Boston Sports Medicine and Performance Group, LLC Blog

Seth Godin Squats a Thousand Pounds

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I get it.  You’re too busy.  

Right now, in your athletic department, in your sports medicine department or in your strength and conditioning department there is a million and one things to get done, and they were all due yesterday.  Whether it's preparing summer conditioning programs, Christmas break rehabilitation plans or putting the finishing touches on your policy and procedure manual, there’s no time to take on another task, let alone put time aside to develop your skills or trade.

So if you’re too busy, it’s safe to say you won’t be attending a conference this weekend or snuggling up with an anatomy text book tonight in order to better your skills.  And if you’re too busy to improve your particular trade or skill then perhaps you’ll also be too busy to notice the young kid two cubicles down accept your dream job at the college across town or maybe you’re too busy to look up and notice your customers, (ya, customers – I know in most athletic departments they’re called athletes or even student-athletes) have stopped buying what you’ve been selling.

So if you’re too busy and can’t find five minutes to breathe, can I suggest finding two minutes and to read and learn from one of the nation’s top thought leaders?  Seth Godin isn’t a world renowned surgeon, he’s never taped an ankle and he probably can’t even bench his body weight.   But what Seth Godin can do, he does better than anyone else – he’ll stop you dead in your tracks.  Seth Godin will make you think… think about everything you do today and everything you’ll do tomorrow.  He will not make your athletes run faster or return your athlete from ACL surgery quicker – but he will challenge you to find five more minutes in your day to simply get better.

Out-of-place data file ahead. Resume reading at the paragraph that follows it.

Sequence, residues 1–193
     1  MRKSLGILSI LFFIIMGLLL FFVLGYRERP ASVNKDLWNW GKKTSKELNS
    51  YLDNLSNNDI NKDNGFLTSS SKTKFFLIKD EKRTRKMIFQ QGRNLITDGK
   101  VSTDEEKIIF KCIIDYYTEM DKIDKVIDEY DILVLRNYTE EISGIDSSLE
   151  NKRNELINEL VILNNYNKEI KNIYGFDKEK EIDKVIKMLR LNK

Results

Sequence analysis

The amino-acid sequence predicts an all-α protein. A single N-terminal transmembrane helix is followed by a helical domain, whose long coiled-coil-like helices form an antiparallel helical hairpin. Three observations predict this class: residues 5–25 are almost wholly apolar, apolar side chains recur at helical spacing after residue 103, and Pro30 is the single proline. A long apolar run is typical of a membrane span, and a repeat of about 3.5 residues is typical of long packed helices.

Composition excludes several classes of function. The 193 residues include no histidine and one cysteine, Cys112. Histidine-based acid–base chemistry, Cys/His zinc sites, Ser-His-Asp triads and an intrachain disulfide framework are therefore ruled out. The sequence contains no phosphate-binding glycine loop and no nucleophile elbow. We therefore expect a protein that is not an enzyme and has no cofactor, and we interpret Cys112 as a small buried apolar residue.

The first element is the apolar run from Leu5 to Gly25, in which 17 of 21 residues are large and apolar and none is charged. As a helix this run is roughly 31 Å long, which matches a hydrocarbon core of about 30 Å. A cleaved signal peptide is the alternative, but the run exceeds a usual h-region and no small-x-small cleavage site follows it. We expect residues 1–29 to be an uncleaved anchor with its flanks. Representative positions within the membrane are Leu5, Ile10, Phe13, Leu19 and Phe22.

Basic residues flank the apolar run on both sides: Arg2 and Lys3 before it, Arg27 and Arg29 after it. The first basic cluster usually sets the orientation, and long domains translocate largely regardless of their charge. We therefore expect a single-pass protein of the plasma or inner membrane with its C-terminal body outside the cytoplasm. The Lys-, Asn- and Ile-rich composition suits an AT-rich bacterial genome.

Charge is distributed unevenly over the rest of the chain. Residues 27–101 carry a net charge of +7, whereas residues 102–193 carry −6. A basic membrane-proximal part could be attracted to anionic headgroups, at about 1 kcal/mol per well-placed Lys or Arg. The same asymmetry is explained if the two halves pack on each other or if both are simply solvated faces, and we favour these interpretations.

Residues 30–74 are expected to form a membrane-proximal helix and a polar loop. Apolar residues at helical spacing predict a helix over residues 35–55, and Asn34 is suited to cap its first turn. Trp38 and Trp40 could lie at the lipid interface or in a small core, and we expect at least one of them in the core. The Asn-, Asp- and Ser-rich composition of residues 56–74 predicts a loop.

And if Seth Godin were in athletics? Well, Seth Godin would squat a thousand pounds.

Two of my favorite blog posts from Seth Godin:

The least I could do
One way to think about running a successful business is to figure out what the least you can do is, and do that. That's actually what they spent most of my time at business school teaching me.

No sense putting more on that pizza, sending more staff to that event, answering the phone in fewer rings... what's the point? No sense being kind, looking people in the eye, being open or welcoming or grateful. Doing the least acceptable amount is the way to maximize short term profit.

Of course, there's a different strategy, a crazy alternative that seems to work: do the most you can do instead of the least.

Radically overdeliver.

Turns out that this is a cheap and effective marketing technique.

We can do it
Too often, it seems, this attitude is missing from teams, organizations or the community.

It's missing because people are quick to opt out of the 'we' part. "What do you mean, we?" they ask. It's so easy to not be part of we, so easy to make it someone else's problem, so easy to not to take responsibility as a member of whatever tribe you're part of.

Sometimes it's missing because people disagree about what 'it' is. If you don't know what you're after, it's unlikely you're going to find it.

And it's missing because people confuse cynicism with realism, and are afraid to say "can". They'd rather say 'might' or even 'probably won't'.

Just about everything worth doing is worth doing because it's important and because the odds are against you. If they weren't, then anyone could do it, so don't bother.

Product launches, innovations and initiatives by any organization work better when the key people agree on the goal, believe that they can achieve it and that the plan will work.

Do we have a cynicism shortage? Unlikely.

Successful people rarely confuse a can-do attitude with a smart plan. But they realize that one without the other is unlikely to get you very far.

Count me in. Let's go.

Art Horne is the Coordinator of Care and Strength & Conditioning Coach for the Men’s Basketball Team at Northeastern University, Boston MA.  He can be reached at

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